Taking advantage of the writing group to post here again. Hopefully this becomes a thing.
I got to interact with real people over the weekend. There's a Meetup group for local gamers to meet and schedule games that I've been a member of for a while now. We're slowly getting back into in-person events, including the monthly (or so) all-group meeting.
This time, it was a swap meet. Everyone brought all the stuff they were trying to get rid of. I brought my extra inventory of Adventures in Oz: Fantasy Roleplaying Beyond the Yellow Brick Road and my enormous Box O' Dice (I don't know if I've told the story here, but maybe I will some time). I only lightened my load by a few copies, though one person was nice enough to ask me to autograph their copy.
It felt good to interact with people after feeling isolated so long. And I picked up a few things I didn't have before. The majority of my gaming books are still in storage after nearly 5 years, so the opportunity to pick up some new stuff, even it if it was from someone cleaning out their closet, felt good too.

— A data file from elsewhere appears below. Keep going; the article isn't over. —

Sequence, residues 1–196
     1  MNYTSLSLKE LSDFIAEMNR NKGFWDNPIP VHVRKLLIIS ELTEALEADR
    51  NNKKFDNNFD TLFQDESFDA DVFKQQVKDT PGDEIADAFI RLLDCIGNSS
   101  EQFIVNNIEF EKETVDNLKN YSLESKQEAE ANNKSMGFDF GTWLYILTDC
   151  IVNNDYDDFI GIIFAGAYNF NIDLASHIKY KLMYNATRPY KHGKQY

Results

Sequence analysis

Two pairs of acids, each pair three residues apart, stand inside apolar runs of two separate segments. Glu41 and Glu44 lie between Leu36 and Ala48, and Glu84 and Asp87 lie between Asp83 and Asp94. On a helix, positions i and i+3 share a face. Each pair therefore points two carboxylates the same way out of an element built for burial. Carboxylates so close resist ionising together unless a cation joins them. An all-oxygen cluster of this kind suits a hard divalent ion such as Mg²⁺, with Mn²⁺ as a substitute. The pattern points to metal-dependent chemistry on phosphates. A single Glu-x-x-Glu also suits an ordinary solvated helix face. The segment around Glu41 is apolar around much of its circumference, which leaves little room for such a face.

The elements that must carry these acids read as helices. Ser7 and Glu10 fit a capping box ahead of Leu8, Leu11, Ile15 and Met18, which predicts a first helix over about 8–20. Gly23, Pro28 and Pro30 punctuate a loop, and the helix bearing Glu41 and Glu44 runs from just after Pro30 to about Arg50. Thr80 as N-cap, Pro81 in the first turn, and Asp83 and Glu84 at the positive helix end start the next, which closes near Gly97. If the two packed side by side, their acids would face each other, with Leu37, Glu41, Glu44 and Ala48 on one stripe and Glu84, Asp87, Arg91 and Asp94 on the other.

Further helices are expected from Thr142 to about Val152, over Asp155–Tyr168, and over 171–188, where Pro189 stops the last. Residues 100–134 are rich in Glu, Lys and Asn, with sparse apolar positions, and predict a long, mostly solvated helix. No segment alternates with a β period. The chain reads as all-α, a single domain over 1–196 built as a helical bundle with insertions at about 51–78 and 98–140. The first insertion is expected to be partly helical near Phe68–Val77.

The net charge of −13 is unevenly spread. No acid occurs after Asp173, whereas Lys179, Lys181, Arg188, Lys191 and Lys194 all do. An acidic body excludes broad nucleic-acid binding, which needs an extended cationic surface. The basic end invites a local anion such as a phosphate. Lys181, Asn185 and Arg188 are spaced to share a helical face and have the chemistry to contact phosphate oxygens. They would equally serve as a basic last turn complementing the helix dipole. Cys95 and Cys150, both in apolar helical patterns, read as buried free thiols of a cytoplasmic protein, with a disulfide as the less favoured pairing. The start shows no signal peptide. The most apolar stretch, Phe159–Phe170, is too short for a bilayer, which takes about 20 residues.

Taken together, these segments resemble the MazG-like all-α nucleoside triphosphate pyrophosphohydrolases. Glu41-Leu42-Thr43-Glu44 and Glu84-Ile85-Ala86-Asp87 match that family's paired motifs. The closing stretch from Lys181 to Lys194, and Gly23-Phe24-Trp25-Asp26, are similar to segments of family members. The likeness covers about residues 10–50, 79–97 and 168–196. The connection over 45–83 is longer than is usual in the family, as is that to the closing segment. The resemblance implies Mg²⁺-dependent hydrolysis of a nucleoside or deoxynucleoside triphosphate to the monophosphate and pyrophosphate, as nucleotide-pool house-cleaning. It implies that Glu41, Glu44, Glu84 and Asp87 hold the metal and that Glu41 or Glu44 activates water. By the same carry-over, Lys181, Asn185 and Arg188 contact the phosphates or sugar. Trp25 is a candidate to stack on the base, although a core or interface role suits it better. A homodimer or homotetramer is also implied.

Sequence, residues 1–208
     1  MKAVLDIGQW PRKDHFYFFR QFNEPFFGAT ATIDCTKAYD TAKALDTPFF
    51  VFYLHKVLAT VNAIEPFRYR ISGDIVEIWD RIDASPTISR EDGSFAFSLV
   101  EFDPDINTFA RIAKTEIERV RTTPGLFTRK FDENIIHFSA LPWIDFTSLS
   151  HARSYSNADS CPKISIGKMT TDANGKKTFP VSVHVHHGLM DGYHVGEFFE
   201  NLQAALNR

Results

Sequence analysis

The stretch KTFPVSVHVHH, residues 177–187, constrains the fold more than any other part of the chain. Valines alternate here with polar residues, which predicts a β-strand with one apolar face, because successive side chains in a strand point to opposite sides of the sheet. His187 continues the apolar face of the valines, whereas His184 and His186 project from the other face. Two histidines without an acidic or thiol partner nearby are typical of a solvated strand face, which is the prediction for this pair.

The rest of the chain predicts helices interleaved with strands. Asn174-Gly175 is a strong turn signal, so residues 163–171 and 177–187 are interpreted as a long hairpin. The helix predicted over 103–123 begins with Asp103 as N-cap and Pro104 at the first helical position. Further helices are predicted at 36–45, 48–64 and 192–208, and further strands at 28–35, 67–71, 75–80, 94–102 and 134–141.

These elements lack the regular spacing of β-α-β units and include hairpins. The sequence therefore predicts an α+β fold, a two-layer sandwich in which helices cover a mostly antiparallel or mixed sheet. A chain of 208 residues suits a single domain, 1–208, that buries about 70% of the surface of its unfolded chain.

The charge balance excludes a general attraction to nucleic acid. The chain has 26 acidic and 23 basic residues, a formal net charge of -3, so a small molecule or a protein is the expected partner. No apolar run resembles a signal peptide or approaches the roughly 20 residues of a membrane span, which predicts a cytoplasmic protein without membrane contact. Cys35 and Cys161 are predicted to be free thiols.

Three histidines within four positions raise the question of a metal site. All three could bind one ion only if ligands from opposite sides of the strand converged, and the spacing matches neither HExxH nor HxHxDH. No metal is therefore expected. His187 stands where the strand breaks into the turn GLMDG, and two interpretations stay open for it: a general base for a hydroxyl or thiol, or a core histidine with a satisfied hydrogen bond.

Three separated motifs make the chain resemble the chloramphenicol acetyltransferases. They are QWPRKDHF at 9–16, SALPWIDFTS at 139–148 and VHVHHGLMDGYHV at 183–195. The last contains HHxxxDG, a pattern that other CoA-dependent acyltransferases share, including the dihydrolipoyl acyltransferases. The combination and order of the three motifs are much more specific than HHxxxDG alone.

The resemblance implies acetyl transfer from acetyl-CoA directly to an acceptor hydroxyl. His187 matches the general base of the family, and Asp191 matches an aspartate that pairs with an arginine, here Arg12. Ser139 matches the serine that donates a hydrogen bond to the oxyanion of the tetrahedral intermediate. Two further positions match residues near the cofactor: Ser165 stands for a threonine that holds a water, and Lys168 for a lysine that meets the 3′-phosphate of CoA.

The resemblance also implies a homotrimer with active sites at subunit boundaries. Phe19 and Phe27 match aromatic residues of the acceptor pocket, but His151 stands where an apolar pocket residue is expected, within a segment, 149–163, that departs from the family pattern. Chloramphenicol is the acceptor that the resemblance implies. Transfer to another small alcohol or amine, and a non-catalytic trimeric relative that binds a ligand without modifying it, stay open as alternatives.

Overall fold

One of the regular features of these group meetings is that we'll typically play a game after the meeting's business is concluded. I'll typically bring Fiasco, since it's great for one-shot play and doesn't require any preparation, or play something that someone else brought to run.
This time, I presented an adventure in d20 Modern, which I had been working on for a while. I had written it during this writing group to keep my brain working and fighting the isolation doldrums. Inspired by the random scenario generator in Pandemonium: Adventures in Tabloid World and using the D20 Modern ruleset. The hook is that crop circles have appeared in a ritzy Florida golf course. I won't spoil it any more in case I run it again. It was fun.
But after so long running no-prep one-shots like Fiasco, or sandbox-style games like The Castle of The Mad Archmage, writing and running a scripted, play-through-the-story adventure was quite a change. My players had fun and laughed at the twist in the plot, so I'm prepared to call it a success.
In fact, I used the rest of my writing time to try to come up with a follow-up scenario. We'll see if it's ready by the next gaming group meeting. Or maybe I'll feel prepared enough to call it a campaign.